Catherine Alexander, Veronica E. Aplenc, August Carbonella, Zaindi Choltaev, Thomas Hylland Eriksen, Paola Filippucci, Christian Giordano, Caroline Humphrey, Deema Kaneff, Alexander D. King, Silke von Lewinski, Michaela Pohl, Hermann Rebel and Zala Volčič
Biographical notes on contributors
The Rebel Girls Guide to Creating Social Change
Jessica K. Taft. 2011. Rebel Girls: Youth Activism & Social Change Across the Americas. New York: NYU Press.
History, Politics, and Exile Identity among Rwandan Rebels in the Eastern Congo Conflict
This article analyzes how the 1994 genocide in Rwanda is recalled and described by members of a Hutu rebel group, the Democratic Forces for the Liberation of Rwanda (FDLR) whose leadership can be linked to the 1994 atrocities in Rwanda. The article explores how individuals belonging to this rebel group, currently operating in the eastern territories of the Democratic Republic of Congo (DRC), articulate, contest, and oppose the dominant narrative of the Rwandan genocide. Based on ethnographic fieldwork with members of the FDLR in a rebel camp, this article shows how a community of exiled fighters and second-generation Hutu refugees contest the official version of genocide by constructing a counterhistory of it. Through organized practices such as political demonstrations and military performances, it further shows how political ideologies and violence are being manufactured and reproduced within a setting of military control.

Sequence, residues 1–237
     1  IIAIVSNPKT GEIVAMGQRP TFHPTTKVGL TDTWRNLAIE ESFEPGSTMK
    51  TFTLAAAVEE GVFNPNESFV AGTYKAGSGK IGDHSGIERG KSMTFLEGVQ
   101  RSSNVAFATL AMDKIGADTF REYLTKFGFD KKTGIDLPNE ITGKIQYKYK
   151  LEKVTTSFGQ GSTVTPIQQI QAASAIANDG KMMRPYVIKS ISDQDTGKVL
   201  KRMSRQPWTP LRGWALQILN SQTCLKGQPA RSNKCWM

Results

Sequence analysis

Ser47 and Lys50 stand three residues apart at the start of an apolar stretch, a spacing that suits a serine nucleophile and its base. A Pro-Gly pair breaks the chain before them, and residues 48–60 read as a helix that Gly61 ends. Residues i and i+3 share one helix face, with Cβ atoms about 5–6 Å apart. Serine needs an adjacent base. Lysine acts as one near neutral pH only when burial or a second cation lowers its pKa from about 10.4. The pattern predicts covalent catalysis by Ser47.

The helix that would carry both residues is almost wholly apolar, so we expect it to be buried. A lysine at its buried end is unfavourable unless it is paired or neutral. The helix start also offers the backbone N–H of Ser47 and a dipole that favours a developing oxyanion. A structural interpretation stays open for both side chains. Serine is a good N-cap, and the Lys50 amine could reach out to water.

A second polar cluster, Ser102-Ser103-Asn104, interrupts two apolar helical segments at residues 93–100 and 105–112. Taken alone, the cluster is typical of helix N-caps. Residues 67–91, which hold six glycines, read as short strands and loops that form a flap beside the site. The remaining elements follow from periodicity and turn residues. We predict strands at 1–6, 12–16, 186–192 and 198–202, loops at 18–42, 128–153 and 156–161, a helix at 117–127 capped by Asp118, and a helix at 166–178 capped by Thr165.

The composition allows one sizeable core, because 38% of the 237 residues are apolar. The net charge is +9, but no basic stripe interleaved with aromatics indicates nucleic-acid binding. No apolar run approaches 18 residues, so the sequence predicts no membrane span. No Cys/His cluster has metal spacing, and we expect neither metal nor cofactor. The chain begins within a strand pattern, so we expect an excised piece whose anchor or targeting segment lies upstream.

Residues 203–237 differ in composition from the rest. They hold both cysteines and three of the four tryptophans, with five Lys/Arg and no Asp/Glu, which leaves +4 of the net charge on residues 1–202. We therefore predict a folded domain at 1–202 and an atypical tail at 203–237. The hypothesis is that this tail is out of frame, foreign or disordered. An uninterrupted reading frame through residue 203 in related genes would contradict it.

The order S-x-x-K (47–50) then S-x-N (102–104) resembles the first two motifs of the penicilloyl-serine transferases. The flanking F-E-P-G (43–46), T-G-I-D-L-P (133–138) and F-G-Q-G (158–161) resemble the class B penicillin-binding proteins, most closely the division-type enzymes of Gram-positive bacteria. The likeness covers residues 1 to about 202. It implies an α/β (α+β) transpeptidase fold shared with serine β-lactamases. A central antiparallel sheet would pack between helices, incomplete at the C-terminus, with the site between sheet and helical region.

Harvey, Graeber, and the reunification of anarchism and Marxism in world anthropology
New books discussed in this article:
Graeber, David. 2011. Debt: The first 5,000 years. New York: Melville House.
Graeber, David. 2013. The democracy project: A history, a crisis, a movement. London: Allan Lane.
Harvey, David. 2011. The enigma of capital and the crises of capitalism. London: Profile Books.
Harvey, David. 2012. Rebel cities: From the right to the city to the urban revolution. London: Verso.
Harvey, David. 2013. A companion to Marx’s Capital, volume 2. London: Verso.
Lazar, Sian. 2008. El Alto, rebel city: Self and citizenship in Andean Bolivia. Durham, NC, and London: Duke University Press.
New Scholarship on Israeli Cinema
Marc S. Bernstein
Miri Talmon and Yaron Peleg, eds. Israeli Cinema: Identities in Motion (Austin: University of Texas Press, 2011), 391 pp., cloth $55.00, paper $35.00.
Raz Yosef, The Politics of Loss and Trauma in Contemporary Israeli Cinema (New York: Routledge, 2011), 206 pp., cloth $125.00.
Nir Cohen, Soldiers, Rebels and Drifters: Gay Representation in Israeli Cinema (Detroit, MI: Wayne State University Press, 2012), 256 pp., paper $27.95